JAKARTA (TheInsiderStories) – After hold its benchmark since 2014, Bank Indonesia (BI) decided raised its benchmark rate 25 basis points (bps) to 4.50 percent after the rupiah sinks to the record low at Rp14,200 per U.S dollar. We believed this policy be taken to maintain Indonesia’s economic stability and is in line with market expectations.
The rupiah is among the worst performers in Asia, down 3.4 percent against the dollar during 2018 and falling to a 31-month low on May 16, the lowest in nearly two and half years after the release of the country’s trade deficit. In the foreign-exchange market, the Bank burning more than US$7 billion of reserves since the beginning of February to halt the rout.
BI used its foreign currency reserves to prop up the rupiah, but with reserves diminishing 5.3 per cent from a record high of $132 billion in January to $124.9 billion in April, the bank had to resort to raising the interest rate.
Meanwhile, the yield on Indonesia’s benchmark 10-year government bonds rose 12 bps to 7.217 per cent. Net outflows from Indonesia’s rupiah-denominated bonds have totaled$2.3 billion since the end of March. A the same time, international investors have dumped $3.4 billion of stocks and bonds since the start of April.
Furthermore the outgoing governor Agus Martowardojo stated “if the situation forces us to adjust our policy rate once again we will do it without doubt.” This mean, the new era of low interest rate has gone.
BI had embarked on a series of rate cuts from 2015 through 2017, as President Joko Widodo aimed to facilitate lending and boost growth. But despite the accommodative policy, the economy has been slow to surpass the year-on-year average growth of 5.1 percent over the past five years.
The fall in the rupiah and the Jakarta Composite Index recently raised concerns over Indonesia’s ability to cope with the risks resulting from the growing uncertainties in the global economy.
A stronger dollar has pressured emerging market currencies broadly and injected volatility into a pocket of the market that investors have flocked to for generating higher yield, but the dollar’s strength poses risks for some local currency denominated bonds.
The condition was getting worse after the Statistics Indonesia released the update data on the country’s trade balance in April, which saw a deficit at $1.63 billion, the highest since April 2014. The trade deficit so far in 2018 will also put pressure on the country’s current account deficit (CAD).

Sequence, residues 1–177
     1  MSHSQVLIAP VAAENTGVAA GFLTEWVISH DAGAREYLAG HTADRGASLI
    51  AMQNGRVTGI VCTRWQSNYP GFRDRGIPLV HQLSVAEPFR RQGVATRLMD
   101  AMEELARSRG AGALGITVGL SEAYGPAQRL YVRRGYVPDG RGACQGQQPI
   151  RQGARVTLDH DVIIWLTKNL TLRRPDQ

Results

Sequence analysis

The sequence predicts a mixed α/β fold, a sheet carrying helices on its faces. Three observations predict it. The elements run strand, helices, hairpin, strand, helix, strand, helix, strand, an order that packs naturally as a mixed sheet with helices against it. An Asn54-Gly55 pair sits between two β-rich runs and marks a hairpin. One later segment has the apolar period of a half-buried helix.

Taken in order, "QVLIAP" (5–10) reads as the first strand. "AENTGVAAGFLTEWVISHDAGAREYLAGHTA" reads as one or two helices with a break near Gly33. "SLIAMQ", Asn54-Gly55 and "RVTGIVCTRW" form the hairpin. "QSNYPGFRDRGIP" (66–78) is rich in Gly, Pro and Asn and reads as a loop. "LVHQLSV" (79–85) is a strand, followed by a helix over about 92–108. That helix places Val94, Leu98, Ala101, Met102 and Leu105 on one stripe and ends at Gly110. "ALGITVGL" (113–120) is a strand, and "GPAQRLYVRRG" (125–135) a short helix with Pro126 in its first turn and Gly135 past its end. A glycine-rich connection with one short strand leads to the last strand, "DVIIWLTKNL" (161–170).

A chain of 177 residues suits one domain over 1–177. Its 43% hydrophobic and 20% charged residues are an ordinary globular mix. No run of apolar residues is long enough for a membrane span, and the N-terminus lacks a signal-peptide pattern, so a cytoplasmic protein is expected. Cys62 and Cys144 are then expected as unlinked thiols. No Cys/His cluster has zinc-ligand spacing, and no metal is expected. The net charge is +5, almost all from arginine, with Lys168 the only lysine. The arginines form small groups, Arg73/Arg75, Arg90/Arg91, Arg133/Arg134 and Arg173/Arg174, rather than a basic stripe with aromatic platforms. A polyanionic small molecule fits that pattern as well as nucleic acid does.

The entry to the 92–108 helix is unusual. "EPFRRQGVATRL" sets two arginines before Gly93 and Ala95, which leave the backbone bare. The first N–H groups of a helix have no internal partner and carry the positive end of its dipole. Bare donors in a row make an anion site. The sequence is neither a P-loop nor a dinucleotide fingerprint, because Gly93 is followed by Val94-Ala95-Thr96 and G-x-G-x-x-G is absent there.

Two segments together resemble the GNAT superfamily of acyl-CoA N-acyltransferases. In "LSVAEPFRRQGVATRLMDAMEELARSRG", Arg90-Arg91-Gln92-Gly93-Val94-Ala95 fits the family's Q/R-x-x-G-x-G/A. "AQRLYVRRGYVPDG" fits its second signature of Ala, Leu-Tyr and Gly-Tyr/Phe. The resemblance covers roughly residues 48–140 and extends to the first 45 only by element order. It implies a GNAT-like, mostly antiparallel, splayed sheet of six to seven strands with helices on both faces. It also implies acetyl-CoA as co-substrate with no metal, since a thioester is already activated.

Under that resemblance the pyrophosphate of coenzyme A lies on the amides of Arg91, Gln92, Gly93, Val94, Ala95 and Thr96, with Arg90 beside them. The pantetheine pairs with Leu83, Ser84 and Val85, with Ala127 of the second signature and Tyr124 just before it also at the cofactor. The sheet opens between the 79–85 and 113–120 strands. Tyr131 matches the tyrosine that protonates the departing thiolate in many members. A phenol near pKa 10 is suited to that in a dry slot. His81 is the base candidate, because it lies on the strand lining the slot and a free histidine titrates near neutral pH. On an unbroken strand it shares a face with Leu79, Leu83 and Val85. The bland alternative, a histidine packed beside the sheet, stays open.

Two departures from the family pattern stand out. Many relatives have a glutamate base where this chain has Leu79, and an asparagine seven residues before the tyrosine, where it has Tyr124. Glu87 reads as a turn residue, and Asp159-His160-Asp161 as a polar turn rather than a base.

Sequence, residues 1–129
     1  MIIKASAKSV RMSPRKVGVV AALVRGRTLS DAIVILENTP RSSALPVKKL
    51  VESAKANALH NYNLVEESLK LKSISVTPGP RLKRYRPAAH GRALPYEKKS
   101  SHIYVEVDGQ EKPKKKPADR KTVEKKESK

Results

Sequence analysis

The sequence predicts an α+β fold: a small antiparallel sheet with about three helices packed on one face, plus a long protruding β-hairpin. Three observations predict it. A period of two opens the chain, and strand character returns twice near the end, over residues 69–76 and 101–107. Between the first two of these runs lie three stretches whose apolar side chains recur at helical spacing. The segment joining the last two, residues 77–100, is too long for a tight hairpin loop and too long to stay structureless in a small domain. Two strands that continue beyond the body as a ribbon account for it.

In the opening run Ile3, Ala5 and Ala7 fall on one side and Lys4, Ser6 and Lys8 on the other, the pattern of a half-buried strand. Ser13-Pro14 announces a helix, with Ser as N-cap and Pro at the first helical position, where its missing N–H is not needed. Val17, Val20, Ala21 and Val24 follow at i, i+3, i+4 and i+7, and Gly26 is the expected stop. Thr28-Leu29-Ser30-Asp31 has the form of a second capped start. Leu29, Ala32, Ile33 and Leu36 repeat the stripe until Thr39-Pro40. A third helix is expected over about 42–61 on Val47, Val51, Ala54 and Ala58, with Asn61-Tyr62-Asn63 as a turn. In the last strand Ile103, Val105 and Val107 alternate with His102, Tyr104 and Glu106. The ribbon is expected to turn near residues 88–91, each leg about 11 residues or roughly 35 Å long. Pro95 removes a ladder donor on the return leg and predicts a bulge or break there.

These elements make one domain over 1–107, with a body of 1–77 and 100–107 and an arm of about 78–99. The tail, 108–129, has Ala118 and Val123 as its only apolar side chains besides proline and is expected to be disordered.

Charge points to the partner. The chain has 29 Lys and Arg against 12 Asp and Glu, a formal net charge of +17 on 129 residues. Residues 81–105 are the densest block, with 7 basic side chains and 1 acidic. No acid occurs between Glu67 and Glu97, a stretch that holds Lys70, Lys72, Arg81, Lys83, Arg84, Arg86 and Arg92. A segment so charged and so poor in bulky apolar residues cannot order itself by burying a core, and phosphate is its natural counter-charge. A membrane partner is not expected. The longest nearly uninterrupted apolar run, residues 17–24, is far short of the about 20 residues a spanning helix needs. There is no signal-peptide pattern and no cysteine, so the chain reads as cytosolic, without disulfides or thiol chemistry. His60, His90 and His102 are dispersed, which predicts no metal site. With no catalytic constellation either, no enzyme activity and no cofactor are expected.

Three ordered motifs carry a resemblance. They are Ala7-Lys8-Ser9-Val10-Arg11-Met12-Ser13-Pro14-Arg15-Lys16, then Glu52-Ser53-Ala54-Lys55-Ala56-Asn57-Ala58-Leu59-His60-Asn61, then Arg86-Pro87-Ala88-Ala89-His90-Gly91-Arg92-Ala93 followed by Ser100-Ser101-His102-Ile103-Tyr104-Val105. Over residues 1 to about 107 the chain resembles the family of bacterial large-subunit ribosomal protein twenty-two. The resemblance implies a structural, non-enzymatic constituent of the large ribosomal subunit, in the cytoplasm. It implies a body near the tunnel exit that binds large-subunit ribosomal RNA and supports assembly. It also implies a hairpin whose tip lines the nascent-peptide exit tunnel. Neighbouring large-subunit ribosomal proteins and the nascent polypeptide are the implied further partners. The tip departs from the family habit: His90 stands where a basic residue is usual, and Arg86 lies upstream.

The CAD widened to 2.15 percent of Indonesia’s gross domestic product (GDP) in the first quarter of 2018, up significantly from 1.0 percent of GDP in the first quarter of 2017.
Indonesia’s benchmark index has dropped 9.4 per cent this year, and is the second worst-performing major equity market in Asia. Any interest rate increase will also need to take into consideration the sluggish economy.
The country isn’t alone in contending with investors who have turned cold. Debt sales from countries such as Russia have been cancelled or postponed, while Argentina’s central bank has raised interest rates three times in a week to halt a currency slide.
We found BI’s move could reduce risk in the market and a rise in interest rates will not hurt the economic growth. To maintain economic stability, we encourage the central bank be focus on improving CAD which has reached 2.19 percent of GDP in the first quarter of 2018, as the possibility of current account deficit will widen in the second quarter due to the import activity.
Nevertheless, we consider this BI move will encourage investors to re-valuation in investing in Indonesia. This can prevent the rapid flow of foreign funds out of the domestic financial market.
We also noticed that the steps taken by the central bank have consequences especially on the Widodo’s desire to lowering the loan interest rate in Indonesia. The rupiah liquidity remains abundant but the intermediation of credits into the real sectors are perhaps challenged by temporary refrains from banks to extend loans as they are nursing and adjusting NPLs issue.
The demand for loans have been weakening since the middle of 2014. Nevertheless, we are turning cautiously optimistic for 2018. With the growth forecast of 5.3 percent, supported by higher domestic spending in light of regional elections, regular festivities, Asian games and also IMF-World Bank Annual Meeting, demand for credits would probably pick in the near future.
We forecast credit growth to be in the range of around 10 percent for 2018 with some upside risks. While BI could rise the benchmark rate at least 25 bps this year, again to support the domestic economy.